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Hoffmann, R. A wiki for the life sciences where authorship matters. Nature Genetics (2008)

Impaired glucose homeostasis, neutrophil trafficking and function in mice lacking the glucose-6-phosphate transporter.

Glycogen storage disease type Ib (GSD-Ib) is caused by a deficiency in the glucose-6-phosphate transporter (G6PT). In addition to disrupted glucose homeostasis, GSD-Ib patients have unexplained and unexpected defects in neutrophil respiratory burst, chemotaxis and calcium flux, in response to the bacterial peptide f-Met-Leu-Phe, as well as intermittent neutropenia. We generated a G6PT knockout (G6PT-/-) mouse that mimics all known defects of the human disorder and used the model to further our understanding of the pathogenesis of GSD-Ib. We demonstrate that the neutropenia is caused directly by the loss of G6PT activity; that chemotaxis and calcium flux, induced by the chemokines KC and macrophage inflammatory protein-2, are defective in G6PT-/- neutrophils; and that local production of these chemokines and the resultant neutrophil trafficking in vivo are depressed in G6PT-/- ascites during an inflammatory response. The bone and spleen of G6PT-/- mice are developmentally delayed and accompanied by marked hypocellularity of the bone marrow, elevation of myeloid progenitor cell frequencies in both organs and a corresponding dramatic increase in granulocyte colony stimulating factor levels in both GSD-Ib mice and humans. So, in addition to transient neutropenia, a sustained defect in neutrophil trafficking due to both the resistance of neutrophils to chemotactic factors, and reduced local production of neutrophil-specific chemokines at sites of inflammation, may underlie the myeloid deficiency in GSD-Ib. These findings demonstrate that G6PT is not just a G6P transport protein but also an important immunomodulatory protein whose activities need to be addressed in treating the myeloid complications in GSD-Ib patients.[1]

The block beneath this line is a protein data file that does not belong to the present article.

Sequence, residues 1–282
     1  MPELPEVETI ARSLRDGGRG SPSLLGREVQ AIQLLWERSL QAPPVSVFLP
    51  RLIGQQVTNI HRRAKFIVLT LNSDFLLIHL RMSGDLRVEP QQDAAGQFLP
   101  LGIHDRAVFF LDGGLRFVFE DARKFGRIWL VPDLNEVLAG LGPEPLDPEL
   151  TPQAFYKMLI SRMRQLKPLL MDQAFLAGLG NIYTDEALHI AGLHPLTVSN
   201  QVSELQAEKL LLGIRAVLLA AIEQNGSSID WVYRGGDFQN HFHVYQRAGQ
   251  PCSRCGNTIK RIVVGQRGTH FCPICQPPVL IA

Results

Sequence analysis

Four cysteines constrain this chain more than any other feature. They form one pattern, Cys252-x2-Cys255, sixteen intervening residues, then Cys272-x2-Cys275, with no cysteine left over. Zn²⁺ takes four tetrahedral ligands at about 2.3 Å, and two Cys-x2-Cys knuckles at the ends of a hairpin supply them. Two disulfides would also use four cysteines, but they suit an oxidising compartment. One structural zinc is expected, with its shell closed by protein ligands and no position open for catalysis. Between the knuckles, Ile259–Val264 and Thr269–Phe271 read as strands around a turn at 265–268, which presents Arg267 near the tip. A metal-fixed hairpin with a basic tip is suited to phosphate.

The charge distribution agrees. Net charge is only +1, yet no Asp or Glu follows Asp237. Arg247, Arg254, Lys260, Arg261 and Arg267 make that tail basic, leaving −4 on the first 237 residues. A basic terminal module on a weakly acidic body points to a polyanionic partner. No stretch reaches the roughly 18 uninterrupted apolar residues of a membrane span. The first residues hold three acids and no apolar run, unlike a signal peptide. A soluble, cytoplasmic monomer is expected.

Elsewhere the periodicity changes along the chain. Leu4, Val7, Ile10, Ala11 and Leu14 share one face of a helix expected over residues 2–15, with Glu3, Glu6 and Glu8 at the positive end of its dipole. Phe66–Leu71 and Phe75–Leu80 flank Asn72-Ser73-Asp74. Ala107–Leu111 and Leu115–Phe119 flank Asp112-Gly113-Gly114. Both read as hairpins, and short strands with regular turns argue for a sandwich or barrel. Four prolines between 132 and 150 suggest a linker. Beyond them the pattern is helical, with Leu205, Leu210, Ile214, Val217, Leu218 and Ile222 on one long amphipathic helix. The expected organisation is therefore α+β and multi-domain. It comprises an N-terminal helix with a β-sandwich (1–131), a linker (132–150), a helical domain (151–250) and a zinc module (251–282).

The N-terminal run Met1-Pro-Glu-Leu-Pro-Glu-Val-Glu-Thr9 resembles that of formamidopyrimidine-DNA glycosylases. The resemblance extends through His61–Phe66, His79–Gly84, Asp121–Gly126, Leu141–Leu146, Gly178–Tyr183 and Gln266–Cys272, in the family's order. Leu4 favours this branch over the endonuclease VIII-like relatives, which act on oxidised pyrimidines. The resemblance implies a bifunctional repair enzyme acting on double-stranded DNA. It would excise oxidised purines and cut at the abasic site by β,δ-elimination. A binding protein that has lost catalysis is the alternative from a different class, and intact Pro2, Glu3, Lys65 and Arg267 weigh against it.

1. Impaired glucose homeostasis, neutrophil trafficking and function in mice lacking the glucose-6-phosphate transporter. Chen, L.Y., Shieh, J.J., Lin, B., Pan, C.J., Gao, J.L., Murphy, P.M., Roe, T.F., Moses, S., Ward, J.M., Lee, E.J., Westphal, H., Mansfield, B.C., Chou, J.Y. Hum. Mol. Genet. (2003) [Pubmed]
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